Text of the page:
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J Exp Zool A Comp Exp Biol. 2005 Aug 1;303(8):643-56.

Aromatase cytochrome P450: cloning, intron variation, and ontogeny of gene expression in southern flounder (Paralichthys lethostigma).

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  • 1Department of Zoology, North Carolina State University, Raleigh, North Carolina 27695-7617, USA.

Abstract

Aromatase cytochrome P450 (P450arom) is the enzyme complex responsible for conversion of androgens to estrogens in vertebrates. Consequently, in some fishes its activity appears critical to ovarian differentiation. Southern flounder (Paralichthys lethostigma) is a commercially important flatfish in which females grow larger than males and sex determination is temperature sensitive. Through cloning of the P450arom gene in ovary and quantitative reverse transcription-polymerase chain reaction, we developed a biomarker for early female differentiation in southern flounder. The deduced amino acid sequence for southern flounder P450arom is similar to other teleosts. Comparison of P450arom intron sequences from fish of different populations revealed substantial inter-individual variation. Adult ovary and spleen exhibited high levels of P450arom mRNA, while P450arom mRNA was only weakly detected in testes. Brain, liver, intestine, kidney, gill, muscle, and heart showed little or no P450arom mRNA expression. Gonads of wild and hatchery-produced juvenile flounder of sizes spanning the period of sex differentiation initially exhibited low levels of P450arom mRNA followed by increases in some individuals and bifurcation into two clearly segregated groups (i.e., putative males and females) beginning at approximately 65 mm in total length. Gonadal histology confirmed predictions of sex based on P450arom expression in juvenile flounder, demonstrating that the patterns of P450arom expression observed relate to sex-specific differentiation. This research represents a unique approach to assessing sex differentiation in a natural population, and a powerful technique for better understanding mechanisms of flounder sex determination and rapidly defining conditions for controlling sex for aquaculture.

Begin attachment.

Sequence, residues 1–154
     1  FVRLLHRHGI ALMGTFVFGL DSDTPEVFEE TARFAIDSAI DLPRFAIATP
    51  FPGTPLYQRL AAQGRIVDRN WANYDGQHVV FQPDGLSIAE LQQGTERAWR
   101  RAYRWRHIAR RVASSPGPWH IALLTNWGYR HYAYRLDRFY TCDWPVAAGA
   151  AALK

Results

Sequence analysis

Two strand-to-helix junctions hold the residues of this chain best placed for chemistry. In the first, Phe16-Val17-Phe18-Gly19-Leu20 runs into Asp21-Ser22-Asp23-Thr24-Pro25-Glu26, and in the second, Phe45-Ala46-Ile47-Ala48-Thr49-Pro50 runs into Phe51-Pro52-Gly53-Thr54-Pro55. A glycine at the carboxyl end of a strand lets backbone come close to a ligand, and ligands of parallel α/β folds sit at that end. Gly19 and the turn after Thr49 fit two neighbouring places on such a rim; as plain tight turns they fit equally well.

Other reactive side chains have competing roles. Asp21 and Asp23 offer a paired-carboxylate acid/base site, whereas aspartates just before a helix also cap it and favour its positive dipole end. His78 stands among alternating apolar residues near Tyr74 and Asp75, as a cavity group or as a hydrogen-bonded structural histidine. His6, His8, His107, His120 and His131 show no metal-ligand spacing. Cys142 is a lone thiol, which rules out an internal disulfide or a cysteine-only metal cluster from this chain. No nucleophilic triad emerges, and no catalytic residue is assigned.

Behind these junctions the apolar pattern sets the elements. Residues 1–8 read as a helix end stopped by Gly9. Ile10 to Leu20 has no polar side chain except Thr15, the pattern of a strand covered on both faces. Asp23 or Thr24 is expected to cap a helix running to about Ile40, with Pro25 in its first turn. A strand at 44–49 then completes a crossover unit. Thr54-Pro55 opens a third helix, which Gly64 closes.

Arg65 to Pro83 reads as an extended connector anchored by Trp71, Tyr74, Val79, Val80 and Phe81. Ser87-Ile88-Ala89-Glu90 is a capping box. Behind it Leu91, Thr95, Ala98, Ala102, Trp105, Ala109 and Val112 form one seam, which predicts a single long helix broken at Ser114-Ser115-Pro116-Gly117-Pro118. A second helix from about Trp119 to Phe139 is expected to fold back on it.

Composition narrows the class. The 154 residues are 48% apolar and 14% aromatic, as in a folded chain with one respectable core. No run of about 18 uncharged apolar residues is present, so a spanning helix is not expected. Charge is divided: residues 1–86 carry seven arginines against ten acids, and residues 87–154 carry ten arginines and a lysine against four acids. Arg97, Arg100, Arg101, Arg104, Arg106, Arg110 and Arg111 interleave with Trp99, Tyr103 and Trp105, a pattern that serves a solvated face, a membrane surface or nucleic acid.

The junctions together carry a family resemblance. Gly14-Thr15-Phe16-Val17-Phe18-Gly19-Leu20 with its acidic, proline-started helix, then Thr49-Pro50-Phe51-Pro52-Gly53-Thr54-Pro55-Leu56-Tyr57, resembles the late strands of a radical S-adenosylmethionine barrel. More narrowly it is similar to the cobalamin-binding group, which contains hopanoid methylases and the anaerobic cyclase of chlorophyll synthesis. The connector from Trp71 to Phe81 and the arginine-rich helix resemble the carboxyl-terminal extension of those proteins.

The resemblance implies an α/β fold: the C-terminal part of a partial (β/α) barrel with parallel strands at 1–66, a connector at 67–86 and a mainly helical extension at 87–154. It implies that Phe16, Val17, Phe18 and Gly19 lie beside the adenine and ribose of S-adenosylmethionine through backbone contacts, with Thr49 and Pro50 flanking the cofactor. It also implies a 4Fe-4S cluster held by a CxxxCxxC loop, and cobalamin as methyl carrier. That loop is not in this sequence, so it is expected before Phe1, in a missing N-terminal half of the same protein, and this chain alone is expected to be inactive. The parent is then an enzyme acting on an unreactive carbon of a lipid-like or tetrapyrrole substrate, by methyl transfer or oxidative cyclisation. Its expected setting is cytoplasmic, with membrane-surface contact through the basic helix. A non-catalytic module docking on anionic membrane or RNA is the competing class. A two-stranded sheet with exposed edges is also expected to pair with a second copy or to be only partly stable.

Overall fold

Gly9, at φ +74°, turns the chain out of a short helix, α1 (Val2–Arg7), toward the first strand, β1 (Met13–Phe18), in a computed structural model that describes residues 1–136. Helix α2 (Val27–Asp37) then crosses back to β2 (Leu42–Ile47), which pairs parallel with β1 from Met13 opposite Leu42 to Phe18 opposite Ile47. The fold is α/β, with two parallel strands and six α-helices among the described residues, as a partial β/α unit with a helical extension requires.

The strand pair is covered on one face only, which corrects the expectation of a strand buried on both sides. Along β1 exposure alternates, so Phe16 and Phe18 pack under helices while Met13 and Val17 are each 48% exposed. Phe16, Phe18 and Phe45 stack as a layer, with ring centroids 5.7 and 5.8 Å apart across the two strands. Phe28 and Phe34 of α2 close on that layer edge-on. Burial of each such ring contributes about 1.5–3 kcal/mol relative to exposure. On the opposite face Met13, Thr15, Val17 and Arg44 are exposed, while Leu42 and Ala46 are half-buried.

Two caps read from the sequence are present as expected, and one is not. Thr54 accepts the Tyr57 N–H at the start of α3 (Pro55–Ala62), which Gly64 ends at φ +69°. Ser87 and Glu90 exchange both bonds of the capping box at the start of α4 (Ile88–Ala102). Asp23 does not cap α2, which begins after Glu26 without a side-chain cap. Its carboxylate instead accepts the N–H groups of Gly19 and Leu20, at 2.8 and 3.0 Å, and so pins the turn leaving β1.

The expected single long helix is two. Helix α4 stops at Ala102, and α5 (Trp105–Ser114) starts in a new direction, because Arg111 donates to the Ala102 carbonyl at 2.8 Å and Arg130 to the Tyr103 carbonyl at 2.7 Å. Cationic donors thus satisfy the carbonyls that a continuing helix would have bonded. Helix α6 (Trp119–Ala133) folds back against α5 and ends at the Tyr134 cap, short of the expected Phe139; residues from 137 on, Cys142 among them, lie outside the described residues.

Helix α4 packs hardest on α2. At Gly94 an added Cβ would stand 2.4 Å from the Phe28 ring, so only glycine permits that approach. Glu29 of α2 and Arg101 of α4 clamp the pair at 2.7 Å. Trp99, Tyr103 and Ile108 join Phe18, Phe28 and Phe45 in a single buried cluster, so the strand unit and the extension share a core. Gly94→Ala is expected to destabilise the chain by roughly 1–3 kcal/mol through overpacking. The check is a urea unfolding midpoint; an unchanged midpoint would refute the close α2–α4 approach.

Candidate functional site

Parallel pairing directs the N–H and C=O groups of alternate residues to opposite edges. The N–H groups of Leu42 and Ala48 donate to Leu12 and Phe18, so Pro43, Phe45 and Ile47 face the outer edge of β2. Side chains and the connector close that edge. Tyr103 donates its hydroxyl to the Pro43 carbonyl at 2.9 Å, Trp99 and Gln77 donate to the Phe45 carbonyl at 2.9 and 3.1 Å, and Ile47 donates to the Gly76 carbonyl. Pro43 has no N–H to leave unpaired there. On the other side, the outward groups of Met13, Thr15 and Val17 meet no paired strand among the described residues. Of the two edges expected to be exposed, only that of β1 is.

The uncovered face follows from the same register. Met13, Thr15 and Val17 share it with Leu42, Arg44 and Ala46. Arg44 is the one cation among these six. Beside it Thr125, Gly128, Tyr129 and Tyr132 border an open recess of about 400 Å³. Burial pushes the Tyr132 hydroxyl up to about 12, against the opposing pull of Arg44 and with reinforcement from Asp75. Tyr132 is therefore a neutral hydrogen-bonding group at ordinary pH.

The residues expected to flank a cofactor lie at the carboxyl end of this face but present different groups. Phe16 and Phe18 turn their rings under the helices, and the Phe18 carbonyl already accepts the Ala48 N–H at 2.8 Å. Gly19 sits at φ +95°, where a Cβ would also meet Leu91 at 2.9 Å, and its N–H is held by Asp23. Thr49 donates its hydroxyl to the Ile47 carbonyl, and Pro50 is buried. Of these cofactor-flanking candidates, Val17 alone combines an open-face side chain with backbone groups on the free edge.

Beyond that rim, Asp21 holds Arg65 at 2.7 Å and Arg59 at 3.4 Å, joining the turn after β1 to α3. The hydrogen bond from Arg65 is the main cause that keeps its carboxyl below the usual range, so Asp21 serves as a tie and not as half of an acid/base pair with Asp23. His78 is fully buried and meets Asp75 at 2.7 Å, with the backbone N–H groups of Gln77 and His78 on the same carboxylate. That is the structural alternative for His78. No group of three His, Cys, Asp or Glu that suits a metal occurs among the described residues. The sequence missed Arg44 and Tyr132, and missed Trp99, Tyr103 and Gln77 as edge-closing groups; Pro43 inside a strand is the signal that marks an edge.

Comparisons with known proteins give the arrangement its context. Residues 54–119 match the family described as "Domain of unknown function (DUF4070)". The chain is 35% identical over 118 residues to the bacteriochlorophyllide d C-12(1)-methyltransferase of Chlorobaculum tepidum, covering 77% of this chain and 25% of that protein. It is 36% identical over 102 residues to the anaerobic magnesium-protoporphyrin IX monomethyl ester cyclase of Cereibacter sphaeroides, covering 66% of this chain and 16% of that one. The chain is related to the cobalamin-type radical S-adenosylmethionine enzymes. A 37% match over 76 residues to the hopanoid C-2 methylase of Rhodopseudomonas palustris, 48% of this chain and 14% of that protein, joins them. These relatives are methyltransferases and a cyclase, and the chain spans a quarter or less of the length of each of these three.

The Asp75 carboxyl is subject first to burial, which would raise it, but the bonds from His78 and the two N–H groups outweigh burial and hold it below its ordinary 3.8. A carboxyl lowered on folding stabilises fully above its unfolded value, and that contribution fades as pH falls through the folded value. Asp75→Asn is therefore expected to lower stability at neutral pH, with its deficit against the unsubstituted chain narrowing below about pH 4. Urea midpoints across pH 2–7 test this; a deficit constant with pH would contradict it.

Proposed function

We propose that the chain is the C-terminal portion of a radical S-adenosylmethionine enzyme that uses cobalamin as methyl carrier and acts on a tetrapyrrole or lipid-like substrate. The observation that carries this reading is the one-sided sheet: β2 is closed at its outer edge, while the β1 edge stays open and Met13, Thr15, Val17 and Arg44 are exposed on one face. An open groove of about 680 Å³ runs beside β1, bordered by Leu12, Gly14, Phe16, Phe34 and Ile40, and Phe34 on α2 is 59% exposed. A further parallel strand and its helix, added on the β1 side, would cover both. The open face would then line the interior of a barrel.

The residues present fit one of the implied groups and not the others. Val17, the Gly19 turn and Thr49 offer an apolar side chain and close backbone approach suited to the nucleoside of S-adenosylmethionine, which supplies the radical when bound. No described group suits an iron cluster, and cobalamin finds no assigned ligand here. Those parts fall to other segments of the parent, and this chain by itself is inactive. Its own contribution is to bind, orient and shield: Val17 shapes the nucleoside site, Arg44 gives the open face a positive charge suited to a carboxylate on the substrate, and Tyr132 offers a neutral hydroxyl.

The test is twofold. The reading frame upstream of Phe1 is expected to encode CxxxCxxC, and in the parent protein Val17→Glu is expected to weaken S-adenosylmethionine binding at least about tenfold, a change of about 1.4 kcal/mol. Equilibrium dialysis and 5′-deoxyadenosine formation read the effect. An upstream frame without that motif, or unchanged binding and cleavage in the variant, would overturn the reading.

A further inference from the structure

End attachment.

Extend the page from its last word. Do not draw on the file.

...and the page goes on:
Copyright (c) 2005 Wiley-Liss, Inc.

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